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Talent Agency Chairman Adam Bold Accused of Fraud and Misconduct



Adam Bold, the self-made millionaire and majority owner of talent representation firm A3 Artists Agency, has been hit with a lawsuit from his partners accusing him of sexual misconduct and running the company into the ground.

In court papers filed Tuesday in Los Angeles Superior Court, agency CEO Robert Atterman and president Brian Cho accused Bold of plunging the company into financial chaos with overspending, squeezing out leadership in a proposed sale of parts of A3 to rival agency Gersh, and developing a reputation as “office creep” and “sex pest” to nearly 200 employees.

“In an astonishing run of terror, Bold has squandered everything,” the filing reads. “A3 is in a state of chaos and dissolution as its agents jump off the sinking ship and flee to A3 competitors, or wait in shock and fear for the next shoe to drop.”

Across departments like a well-known young talent division and film and TV literary, A3 represents clients including “Seinfeld” alum Jason Alexander, Vivica A. Fox and “Christmas Vacation” star Beverly D’Angelo.  Bold acquired a majority stake in the agency in 2018, which was then known by its legacy name Abrams Artists. Atterman is a 35-year veteran of the agency, with Cho approaching the 25-year mark.

In addition to asserting that Bold is a habitual cocaine user who often appears intoxicated at the office and during company events, the lawsuit says “Bold has sexually harassed nearly all of A3’s female employees, fired those he deemed unattractive, [and] creeped out male and female employees with lewd remarks” about women and his romantic preferences.

“This lawsuit is a shake down and pure extortion. All of the allegations about drug use and sexual misconduct are completely false and I have evidence to prove it,” Bold said in a statement to Variety. The executive went on to say Atterman and Cho’s attorney Bryan Freedman had a “personal vendetta” against Bold and the agency. Finally, Bold said the complaint itself was in breach of “all partners’ fiduciary duty” and would have negative consequences.

Freedman, who is representing Atterman and Cho alongside Brian Turnauer, decried Bold’s “grandiose narcissism” and said the. lawsuit would hold him accountable. Freedman also noted that Bold was “not important enough to have a vendetta against.”

The suit maintains Bold created a toxic workplace by pitting agents against each other, and that the result of this behavior “has been a series of threatened lawsuits and civil rights complaints by A3 employees … resulting in confidential settlements and an exodus of agents and their clients.”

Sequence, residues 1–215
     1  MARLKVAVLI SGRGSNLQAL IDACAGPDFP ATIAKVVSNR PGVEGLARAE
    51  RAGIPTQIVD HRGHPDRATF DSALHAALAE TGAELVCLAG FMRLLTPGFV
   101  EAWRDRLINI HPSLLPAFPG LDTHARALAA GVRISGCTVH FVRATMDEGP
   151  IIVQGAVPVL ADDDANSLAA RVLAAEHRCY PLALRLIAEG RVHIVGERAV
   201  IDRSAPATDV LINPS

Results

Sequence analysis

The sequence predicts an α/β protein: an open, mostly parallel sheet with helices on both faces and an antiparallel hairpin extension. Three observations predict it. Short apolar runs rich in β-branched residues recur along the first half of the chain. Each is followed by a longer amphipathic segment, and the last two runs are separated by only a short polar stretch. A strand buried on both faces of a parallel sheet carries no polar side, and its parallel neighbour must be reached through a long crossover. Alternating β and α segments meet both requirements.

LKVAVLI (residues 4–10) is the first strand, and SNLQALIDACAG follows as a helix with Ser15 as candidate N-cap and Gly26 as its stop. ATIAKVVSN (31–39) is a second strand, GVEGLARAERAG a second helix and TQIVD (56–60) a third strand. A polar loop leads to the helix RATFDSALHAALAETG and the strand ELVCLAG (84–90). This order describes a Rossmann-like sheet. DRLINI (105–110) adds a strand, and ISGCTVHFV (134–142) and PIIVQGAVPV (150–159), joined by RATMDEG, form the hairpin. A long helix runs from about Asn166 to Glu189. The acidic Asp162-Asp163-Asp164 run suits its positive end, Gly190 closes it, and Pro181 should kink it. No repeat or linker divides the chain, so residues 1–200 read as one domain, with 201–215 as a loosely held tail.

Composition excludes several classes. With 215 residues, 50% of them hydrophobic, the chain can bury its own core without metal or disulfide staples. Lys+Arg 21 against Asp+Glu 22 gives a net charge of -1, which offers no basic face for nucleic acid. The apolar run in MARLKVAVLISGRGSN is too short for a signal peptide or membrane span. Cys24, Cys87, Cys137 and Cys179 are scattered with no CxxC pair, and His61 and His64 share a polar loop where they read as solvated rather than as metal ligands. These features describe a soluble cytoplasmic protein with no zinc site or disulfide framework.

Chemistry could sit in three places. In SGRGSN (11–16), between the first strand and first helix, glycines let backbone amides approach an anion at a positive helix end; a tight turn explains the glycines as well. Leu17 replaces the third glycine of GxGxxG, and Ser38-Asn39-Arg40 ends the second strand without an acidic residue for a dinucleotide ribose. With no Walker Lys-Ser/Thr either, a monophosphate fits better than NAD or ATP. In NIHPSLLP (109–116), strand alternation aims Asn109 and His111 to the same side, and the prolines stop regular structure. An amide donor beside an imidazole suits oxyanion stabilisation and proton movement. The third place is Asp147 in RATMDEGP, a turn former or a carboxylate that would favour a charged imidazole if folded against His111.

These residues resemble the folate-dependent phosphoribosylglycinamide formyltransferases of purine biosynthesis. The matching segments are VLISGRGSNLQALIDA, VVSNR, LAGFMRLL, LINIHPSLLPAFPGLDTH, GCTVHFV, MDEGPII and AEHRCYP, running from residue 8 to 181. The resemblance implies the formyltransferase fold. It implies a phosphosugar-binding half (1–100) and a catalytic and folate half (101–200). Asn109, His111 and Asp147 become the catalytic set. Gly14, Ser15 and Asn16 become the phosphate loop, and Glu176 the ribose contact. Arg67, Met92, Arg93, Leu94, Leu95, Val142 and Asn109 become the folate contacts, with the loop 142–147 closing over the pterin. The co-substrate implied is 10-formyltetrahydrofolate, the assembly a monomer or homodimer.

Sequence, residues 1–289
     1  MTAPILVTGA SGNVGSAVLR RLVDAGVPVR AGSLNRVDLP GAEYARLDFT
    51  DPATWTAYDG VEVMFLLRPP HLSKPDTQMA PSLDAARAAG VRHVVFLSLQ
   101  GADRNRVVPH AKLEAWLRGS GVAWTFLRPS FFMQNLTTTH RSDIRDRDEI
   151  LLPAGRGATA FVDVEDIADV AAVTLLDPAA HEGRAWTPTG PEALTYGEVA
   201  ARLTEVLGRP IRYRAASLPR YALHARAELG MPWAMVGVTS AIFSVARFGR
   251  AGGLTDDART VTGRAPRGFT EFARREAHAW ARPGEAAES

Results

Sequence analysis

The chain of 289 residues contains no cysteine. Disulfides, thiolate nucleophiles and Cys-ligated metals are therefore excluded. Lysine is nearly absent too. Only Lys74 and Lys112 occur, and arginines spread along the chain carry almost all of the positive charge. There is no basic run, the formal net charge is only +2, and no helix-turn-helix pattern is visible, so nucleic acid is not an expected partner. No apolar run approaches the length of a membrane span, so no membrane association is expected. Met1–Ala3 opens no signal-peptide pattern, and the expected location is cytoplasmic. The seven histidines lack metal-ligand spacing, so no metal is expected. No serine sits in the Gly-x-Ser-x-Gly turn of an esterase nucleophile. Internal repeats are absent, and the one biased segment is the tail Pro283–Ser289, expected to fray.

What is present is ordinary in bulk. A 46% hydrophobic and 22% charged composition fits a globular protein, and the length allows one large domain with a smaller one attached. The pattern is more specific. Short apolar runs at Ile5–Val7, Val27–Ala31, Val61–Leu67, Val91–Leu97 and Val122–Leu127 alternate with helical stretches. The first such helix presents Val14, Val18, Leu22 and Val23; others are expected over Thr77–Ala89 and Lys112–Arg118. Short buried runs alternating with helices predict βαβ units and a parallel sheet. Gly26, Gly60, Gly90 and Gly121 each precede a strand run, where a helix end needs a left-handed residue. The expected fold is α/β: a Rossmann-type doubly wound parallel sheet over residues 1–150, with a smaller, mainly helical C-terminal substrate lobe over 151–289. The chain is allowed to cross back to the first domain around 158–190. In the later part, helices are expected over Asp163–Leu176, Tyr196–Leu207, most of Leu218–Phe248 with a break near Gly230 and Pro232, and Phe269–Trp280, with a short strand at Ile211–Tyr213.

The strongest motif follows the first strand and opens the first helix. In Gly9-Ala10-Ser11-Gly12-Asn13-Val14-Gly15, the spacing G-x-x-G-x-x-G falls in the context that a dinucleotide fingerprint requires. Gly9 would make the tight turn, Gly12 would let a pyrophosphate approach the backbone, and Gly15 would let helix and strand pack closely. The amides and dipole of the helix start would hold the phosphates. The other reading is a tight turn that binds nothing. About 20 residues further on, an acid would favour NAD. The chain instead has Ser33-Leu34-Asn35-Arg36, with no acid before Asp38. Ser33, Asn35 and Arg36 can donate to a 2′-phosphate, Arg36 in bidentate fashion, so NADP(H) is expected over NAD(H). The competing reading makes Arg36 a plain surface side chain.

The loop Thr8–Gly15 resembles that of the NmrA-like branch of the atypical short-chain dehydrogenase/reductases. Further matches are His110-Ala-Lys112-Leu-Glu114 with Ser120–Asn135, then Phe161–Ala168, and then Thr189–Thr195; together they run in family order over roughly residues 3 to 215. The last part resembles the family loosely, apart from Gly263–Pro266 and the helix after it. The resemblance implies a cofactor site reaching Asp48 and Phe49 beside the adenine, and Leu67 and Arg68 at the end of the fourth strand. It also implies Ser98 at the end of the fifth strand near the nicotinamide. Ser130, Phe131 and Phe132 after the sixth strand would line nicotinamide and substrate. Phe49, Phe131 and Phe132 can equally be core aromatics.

Atterman and Cho also say there were coerced into signing new employment agreements this May, ones that limited their executive power. In September, reports hit that Bold was in talks to sell A3’s literary and digital divisions to Gersh. Atterman and Cho said they had no visibility into these negotiations and had less clarity on what would be left of A3 after the transaction.

The lawsuit seeks an injunction against Bold as top decision maker at A3, as well as punitive damages for Atterman and Cho.

Agent exits have mounted at A3 this year, the most recent being partner Jamie Pillet in late October. Three other partners — Justin Baxter, Pamela Fisher and Billy Serow – preceded her out the door. No agency, especially at the scale of A3, made it out of the strikes unscathed. A3 was one of the first to institute a small round of layoffs in July, as the SAG-AFTRA conflict heated up. While firms of all sizes cut staff and overhead, the Tuesday lawsuit says chairman Bold sped in the opposite direction.

Bold insisted on upgrading A3’s New York offices, the suit says, occupying a floor at Manhattan’s Empire State Building – which came with a $2 million price tag for “ furniture, decorations, and other accouterments,” the complaint said. That’s on top of $160,000 monthly rent, which was an estimated four-times higher than the company’s previous New York location. Last week, on November 28, the owner of the Empire State Building filed a complaint to the New York Supreme Court asking for $1.2 million in back rent.

Bold’s desire to project wealth and excess in order to lure clients, as the suit puts it, included $500,000 on Rolex watches for the company’s agents. Shortly after he secured the majority stake, Bold also hosted a lavish employee retreat which included space for plus ones. All in, it cost over $1 million, the suit said, “which was a staggering percentage of A3’s total operating capital.”


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